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Lousy at Sending Postcards? Outsource it!

I’m really good at collecting postcards.  No, not intentionally.  I see postcards I think would be really great for someone and I…. never send them.

I have a Chihuly postcard my sister would love.  That’s why I bought it for her.  But it is currently sitting on my dresser and has been there for about a year.

Enter Postagram, where you can outsource the whole sending part of the postcard.

Instead of purchasing a postcard, take a photo on your cell phone.  Load it into Postagram and they’ll turn it into a real, physical postcard and mail it to your loved one for $0.99 to US recipients and $1.99 for everywhere else.

Postgram

 

The cool part is they can scan the QR code on the postcard and save the photo to their phone.  (Don’t worry, creepy disembodied hand not included with every shipment).

If the recipient wants to keep the photo but not the postcard, they pop out of the postcard.  Sometimes Postagram will let you send branded postcards for free, so this makes being able to pop out the photo even more valuable.  (For example, they had Hyatt House themed postcards, but once you popped the picture out, it was just a picture).

The one downside is, you are limited to a twitter-length message on the card despite all that space on it.  So you cannot tell grandma all the wonderful things you saw–just that you are thinking of her.  (Or if you aren’t thinking of her, just do her a favor and say you are).  I read that this is changing soon though.

It will remember addresses, so it also saves the hassle of trying to located someone’s address on the go every time you send postcards.

My favorite part of this is that I can send photos to my grandmother very easily.  My immediate family is on instagram for the most part and sees my trip photos food I’m eating, but she doesn’t have a computer or a cell phone.

Now I can “text” her photos of my fun trips and she can follow along.

I’m tempted to offer to send a certain number of readers a postcard, but it would probably either be a picture of my lunch or the Vegas skyline.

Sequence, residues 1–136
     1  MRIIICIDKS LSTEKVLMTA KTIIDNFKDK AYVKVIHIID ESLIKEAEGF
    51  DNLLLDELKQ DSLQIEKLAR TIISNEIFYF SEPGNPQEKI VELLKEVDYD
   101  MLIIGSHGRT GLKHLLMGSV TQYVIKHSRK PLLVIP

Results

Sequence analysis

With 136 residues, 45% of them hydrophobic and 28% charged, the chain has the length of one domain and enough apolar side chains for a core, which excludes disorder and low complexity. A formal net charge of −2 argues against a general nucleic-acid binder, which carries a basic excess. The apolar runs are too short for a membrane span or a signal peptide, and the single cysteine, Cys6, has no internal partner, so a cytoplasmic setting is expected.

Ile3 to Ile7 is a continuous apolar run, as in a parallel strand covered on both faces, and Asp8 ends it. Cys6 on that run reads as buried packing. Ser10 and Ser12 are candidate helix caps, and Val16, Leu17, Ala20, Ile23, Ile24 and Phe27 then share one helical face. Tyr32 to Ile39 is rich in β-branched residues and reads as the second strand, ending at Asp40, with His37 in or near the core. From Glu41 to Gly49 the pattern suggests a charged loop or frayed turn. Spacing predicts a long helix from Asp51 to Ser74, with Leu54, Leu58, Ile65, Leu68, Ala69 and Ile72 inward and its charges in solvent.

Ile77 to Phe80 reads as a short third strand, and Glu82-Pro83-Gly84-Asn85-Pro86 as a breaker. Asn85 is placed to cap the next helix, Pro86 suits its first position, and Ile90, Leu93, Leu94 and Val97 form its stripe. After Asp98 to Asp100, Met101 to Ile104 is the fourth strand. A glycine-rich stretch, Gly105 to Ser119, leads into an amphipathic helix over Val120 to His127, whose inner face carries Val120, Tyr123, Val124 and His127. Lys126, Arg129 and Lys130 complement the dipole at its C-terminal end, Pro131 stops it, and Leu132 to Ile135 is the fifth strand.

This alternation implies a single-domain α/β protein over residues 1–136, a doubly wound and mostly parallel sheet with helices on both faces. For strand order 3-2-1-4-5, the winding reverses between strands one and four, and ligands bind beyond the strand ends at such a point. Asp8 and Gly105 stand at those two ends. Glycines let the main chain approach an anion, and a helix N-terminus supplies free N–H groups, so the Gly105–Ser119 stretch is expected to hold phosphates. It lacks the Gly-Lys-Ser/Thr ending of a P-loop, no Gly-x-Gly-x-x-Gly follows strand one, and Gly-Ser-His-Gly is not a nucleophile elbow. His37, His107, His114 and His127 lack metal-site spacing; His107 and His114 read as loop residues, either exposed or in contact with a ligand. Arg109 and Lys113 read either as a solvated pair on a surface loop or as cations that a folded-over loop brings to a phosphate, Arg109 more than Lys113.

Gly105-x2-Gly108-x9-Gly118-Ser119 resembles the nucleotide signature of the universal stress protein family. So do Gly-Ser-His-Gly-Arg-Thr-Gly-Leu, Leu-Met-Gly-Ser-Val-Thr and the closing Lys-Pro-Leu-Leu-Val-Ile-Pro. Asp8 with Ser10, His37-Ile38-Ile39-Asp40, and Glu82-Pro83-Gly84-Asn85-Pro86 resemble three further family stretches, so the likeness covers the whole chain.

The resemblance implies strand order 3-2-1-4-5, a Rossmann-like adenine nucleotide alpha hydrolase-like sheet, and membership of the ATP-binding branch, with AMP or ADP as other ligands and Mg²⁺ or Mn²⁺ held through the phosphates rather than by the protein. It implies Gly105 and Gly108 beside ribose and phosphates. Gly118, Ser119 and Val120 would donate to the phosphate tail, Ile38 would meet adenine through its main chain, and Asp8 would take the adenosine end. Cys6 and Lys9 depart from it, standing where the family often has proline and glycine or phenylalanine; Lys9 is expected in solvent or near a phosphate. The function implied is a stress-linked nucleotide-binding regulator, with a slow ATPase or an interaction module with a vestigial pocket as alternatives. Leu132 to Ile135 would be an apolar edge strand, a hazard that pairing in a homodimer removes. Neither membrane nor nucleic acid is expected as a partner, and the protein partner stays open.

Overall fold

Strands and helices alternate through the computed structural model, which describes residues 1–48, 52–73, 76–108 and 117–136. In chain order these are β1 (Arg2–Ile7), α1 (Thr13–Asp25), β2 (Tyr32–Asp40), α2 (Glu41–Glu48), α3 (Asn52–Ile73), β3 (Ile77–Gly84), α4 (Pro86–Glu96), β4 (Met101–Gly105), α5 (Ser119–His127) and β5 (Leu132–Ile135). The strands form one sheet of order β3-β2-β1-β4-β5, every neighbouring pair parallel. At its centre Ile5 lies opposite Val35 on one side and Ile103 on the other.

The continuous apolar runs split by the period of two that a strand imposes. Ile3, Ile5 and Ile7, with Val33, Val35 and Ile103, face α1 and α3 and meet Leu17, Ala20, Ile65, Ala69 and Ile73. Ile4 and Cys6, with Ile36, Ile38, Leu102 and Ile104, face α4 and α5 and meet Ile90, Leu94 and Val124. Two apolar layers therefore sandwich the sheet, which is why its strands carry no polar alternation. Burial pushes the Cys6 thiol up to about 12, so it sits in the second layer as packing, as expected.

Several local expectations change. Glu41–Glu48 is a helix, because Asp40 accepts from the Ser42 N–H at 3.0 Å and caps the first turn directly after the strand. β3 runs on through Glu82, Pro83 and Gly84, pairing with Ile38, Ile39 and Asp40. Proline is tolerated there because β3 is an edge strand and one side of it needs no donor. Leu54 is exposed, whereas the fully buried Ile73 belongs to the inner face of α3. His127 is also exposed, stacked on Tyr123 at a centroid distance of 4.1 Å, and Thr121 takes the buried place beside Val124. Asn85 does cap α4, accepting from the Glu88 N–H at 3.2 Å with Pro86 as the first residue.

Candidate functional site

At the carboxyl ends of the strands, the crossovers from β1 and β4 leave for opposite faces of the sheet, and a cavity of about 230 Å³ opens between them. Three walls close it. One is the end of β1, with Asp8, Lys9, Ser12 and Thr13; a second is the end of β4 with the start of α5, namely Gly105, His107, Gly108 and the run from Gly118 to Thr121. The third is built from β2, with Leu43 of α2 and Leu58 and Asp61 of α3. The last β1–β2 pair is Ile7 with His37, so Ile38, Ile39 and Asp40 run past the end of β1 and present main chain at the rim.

Postagram is available in the iTunes, Play, and Amazon stores.

About Jeanne Marie Hoffman

Former bartender, still a geek. One equal part each cookies, liberty, football, music, travel, libations. Stir vigorously. +Jeanne Marie Hoffman Jeanne on Twitter

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6 comments

  1. The downside is not getting a postcard with a stamp and cancellation from the foreign place you were visiting – even if it is only Vegas. A handwritten note that maybe only says ‘Hot here, lots of fun’ that arrives after you’ve been back and shared you trip stories have so much more meaning , and are always worth the extra 10-15 minutes out of your trip.

    • This was my first thought! You can see pictures of all the places we travel easily online, but the stamps from foreign countries are often beautiful and interesting.

      Of course, this is good if you want to send a photo with yourself or family or friends in the photo to document that you’ve been there.

    • Jeanne Marie Hoffman

      That’s really true. For me, the stamp never makes it (or if it does, it ends up being a US stamp from me sending later!)

  2. I have been using these for several years and also postcards by SimplyPostcards. For the most part they have been terrific for enabling me to send cards to my son in sleep-away camp where he does not have access to online photos or texts. They are also good to send to relatives who will put them on their fridge with a magnet.

    With both companies, I loaded up by purchasing credits when they had sales, so the cards cost me much less than a buck each. By the end of camp each year, my son has a stack of cards from my wife and me, which he collects like trading cards.

    I am upset with SimplyPostcards, though, because they just switched from standard heavy-weight postcard stock to a much thinner paper stock.

    There a several other competitors. Just do a search for postcards on the App Store.

  3. I went to school with the founder of this company, and I’m glad he’s found much success in this endeavor. Unfortunately, I send lots of postcards but rather dislike this as a service for my travels for reasons mentioned: no cancelled stamp (“proof”), no written message, the picture isn’t very postcard-like. It just feels less exciting to send or receive. That said, I think the service is a great way to send a personalized in other circumstances. For me, I’d say it fits a different market segment.

    Now something I could really get behind would be a service that sent me postcards and stamps for the locations I was going to go before I went there. I know, I know: a market of one. But I cannot list how many times I’ve acquired either the stamp, or the postcard, but not both (or forgot my address list).

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